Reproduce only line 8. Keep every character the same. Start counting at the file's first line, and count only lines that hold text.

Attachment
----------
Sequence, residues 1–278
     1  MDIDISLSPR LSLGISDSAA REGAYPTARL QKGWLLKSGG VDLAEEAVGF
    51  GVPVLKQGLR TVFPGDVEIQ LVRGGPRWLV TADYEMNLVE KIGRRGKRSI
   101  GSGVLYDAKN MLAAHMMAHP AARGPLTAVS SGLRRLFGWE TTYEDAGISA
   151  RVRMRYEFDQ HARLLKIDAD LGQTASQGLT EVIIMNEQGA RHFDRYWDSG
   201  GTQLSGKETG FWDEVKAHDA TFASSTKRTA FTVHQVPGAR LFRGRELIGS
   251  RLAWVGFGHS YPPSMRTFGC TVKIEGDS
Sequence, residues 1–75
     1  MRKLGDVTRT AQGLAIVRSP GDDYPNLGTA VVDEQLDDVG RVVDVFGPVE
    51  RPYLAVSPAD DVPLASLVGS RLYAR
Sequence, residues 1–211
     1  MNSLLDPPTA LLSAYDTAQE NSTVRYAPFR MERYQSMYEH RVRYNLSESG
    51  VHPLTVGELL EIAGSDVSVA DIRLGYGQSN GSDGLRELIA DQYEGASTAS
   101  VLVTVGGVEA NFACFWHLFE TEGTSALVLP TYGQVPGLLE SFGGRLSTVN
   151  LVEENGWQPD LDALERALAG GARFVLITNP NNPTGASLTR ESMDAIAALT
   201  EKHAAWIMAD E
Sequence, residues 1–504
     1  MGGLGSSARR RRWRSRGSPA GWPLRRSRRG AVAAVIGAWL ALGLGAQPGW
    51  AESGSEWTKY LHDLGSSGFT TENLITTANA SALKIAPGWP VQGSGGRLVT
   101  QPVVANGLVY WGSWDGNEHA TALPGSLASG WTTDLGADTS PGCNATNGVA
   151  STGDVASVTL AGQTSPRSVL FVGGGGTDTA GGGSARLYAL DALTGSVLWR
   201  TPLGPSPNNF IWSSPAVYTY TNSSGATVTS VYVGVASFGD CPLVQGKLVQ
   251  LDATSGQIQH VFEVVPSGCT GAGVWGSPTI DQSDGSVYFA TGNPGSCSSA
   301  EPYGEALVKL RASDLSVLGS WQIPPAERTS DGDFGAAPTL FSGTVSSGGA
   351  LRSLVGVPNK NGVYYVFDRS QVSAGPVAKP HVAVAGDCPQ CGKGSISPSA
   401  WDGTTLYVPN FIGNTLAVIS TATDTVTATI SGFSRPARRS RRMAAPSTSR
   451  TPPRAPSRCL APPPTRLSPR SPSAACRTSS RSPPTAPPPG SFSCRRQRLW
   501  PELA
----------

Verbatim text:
Sequence, residues 1–75